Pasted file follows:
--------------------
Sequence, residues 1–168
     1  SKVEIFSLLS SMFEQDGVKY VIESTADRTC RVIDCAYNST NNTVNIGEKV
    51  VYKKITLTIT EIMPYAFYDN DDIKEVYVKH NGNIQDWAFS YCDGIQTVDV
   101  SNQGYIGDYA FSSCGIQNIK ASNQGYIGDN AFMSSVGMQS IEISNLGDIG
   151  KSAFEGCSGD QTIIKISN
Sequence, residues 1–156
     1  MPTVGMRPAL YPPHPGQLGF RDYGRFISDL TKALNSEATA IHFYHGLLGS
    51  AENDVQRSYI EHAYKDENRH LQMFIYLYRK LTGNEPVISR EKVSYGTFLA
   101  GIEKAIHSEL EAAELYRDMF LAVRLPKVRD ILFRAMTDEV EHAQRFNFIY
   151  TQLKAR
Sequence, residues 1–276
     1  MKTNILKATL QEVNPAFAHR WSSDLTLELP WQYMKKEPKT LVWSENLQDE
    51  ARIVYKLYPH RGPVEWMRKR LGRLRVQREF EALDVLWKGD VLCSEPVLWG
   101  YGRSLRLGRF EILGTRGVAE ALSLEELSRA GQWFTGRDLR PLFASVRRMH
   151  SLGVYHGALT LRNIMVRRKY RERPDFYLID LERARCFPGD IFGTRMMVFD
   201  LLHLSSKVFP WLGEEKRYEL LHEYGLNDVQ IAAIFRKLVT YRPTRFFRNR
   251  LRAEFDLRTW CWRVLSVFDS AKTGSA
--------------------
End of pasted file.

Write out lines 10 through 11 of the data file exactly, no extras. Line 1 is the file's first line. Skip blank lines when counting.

   151  TQLKAR
Sequence, residues 1–276